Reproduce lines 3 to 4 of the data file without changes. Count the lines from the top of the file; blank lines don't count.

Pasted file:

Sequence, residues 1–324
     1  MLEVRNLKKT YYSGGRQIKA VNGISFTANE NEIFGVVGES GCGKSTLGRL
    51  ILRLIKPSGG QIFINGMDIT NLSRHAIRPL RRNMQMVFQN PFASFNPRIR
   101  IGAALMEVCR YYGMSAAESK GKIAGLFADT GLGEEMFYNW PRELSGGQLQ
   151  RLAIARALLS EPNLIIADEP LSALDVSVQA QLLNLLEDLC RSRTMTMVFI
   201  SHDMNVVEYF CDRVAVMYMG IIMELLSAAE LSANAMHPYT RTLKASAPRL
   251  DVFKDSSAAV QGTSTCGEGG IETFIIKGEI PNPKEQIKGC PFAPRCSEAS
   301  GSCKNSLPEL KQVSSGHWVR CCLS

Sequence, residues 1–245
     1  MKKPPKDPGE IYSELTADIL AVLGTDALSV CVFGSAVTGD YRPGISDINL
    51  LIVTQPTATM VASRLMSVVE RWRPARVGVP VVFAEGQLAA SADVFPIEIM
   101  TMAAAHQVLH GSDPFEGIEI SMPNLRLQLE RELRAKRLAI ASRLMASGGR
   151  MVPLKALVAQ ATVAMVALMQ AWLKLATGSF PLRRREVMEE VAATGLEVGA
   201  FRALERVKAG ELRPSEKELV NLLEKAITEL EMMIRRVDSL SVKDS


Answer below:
    51  ILRLIKPSGG QIFINGMDIT NLSRHAIRPL RRNMQMVFQN PFASFNPRIR
   101  IGAALMEVCR YYGMSAAESK GKIAGLFADT GLGEEMFYNW PRELSGGQLQ